Stats on domestic violence against men(12 Posts)
just had a massive row with DS, 20, about male victims of domestic violence. He cited the 2017 ONS survey data - extensively reported in the media - that 40 per cent of men experience domestic violence.
What I am not clear about, and which I cannot tell from the ONS data, is whether these men were victims of female partners, or of male partners, which would make quite a difference to his position that 'women are almost as violent as men'.
Can anyone shed any light on these stats? Maybe I'm just an old bigoted feminazi (thanks, son, that was kind...) but I find it very hard to swallow that 40% of men are victims of domestic violence. Please help - he refuses to debate with me unless I can provide 'hard evidence'.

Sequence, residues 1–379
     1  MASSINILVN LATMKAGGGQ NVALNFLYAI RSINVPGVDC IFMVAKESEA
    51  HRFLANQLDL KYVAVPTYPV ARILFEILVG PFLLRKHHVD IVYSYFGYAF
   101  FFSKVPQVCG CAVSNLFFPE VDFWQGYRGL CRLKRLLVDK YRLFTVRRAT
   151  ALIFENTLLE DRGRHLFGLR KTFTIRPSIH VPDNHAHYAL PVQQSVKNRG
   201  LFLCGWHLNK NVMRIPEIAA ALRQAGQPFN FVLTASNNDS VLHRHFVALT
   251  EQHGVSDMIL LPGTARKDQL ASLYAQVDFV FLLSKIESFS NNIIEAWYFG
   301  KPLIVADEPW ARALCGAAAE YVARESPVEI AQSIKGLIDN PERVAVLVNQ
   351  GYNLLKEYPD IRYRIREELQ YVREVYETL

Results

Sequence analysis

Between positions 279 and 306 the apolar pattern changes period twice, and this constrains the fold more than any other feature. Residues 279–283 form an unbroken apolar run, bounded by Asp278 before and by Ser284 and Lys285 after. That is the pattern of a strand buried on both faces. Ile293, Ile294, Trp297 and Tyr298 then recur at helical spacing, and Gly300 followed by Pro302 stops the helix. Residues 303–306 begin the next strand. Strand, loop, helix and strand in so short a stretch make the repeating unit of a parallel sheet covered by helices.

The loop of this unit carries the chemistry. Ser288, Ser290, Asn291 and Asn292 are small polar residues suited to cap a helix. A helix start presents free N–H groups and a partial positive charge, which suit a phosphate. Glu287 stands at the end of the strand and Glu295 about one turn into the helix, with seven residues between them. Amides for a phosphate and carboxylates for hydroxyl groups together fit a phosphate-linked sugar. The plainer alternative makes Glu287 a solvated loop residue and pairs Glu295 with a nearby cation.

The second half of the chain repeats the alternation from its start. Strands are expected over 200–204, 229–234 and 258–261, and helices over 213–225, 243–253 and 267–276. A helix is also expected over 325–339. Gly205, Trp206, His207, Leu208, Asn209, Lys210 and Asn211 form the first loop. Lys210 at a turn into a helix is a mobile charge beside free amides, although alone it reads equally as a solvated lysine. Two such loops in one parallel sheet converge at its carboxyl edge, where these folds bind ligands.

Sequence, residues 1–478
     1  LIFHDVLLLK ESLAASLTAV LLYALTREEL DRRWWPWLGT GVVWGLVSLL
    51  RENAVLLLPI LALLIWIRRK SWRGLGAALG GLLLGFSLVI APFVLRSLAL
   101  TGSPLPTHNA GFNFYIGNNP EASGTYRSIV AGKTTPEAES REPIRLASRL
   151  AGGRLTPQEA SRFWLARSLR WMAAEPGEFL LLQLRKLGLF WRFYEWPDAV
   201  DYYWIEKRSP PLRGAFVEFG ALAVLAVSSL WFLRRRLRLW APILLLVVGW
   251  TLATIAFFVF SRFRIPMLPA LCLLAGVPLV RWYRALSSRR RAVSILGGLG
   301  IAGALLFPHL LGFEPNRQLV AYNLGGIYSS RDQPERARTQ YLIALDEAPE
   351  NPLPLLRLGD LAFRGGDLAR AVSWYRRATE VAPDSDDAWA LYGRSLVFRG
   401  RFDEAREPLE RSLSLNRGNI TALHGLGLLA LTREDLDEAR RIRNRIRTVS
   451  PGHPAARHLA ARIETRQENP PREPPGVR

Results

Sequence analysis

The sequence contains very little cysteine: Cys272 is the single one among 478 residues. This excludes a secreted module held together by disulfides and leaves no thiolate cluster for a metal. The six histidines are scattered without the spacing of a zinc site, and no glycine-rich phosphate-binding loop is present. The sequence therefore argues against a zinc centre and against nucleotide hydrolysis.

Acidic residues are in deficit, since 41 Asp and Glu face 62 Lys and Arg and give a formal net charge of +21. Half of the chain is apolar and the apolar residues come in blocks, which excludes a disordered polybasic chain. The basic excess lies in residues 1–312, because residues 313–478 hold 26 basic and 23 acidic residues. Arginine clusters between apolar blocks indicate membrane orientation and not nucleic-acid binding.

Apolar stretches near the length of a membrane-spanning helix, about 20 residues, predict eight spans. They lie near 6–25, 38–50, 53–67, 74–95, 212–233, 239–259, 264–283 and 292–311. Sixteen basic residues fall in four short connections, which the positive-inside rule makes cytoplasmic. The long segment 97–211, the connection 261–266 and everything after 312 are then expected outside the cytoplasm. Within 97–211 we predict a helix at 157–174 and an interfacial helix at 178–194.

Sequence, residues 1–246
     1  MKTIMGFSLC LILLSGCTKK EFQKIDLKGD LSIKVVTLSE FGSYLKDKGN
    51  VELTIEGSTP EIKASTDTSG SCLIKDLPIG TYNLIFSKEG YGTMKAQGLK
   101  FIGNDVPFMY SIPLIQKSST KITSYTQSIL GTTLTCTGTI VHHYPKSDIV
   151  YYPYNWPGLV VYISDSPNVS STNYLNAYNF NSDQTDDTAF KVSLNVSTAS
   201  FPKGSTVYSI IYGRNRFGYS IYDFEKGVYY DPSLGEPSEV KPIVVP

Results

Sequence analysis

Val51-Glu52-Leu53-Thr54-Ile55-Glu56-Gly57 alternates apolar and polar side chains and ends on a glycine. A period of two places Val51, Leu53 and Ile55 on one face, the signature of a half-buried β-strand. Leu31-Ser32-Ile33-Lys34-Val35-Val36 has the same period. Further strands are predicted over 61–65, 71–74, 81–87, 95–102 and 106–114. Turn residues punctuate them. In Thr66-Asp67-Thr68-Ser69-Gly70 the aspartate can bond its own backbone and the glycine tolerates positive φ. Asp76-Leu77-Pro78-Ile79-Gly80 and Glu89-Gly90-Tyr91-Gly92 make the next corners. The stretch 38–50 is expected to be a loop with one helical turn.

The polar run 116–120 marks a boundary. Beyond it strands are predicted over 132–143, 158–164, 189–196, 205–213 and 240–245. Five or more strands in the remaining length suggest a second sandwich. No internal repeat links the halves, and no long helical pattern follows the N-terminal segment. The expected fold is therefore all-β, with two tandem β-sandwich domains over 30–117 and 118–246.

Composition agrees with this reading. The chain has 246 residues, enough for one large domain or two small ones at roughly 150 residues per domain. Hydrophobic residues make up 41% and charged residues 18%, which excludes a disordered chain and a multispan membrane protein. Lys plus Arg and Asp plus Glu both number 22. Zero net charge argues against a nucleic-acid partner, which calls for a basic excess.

I don't know about the latest stats but this is a good piece about the reporting of domestic violence against men
Did your son mean 40% of domestic violence victims are male, which is a different thing to 40% of men being victims of domestic violence?
And were you specifically arguing about domestic physical violence, or abuse which also includes non-physical behaviour?
See section 4 for prevalence of domestic abuse last year, which does show about 37.5% of the yearly reported domestic abuse (not just physical violence) incidents were male victims. This is a self-reported crime survey rather than police recorded incidents.
Section 5 has the police incident records.
See section 6 for a breakdown of domestic homicides though, which are male-dominated crimes, in which 70% of adult victims are female, with 97% of those deaths caused by males. 66% of the male deaths were caused by a male. So just under 90% of the deaths were caused by males.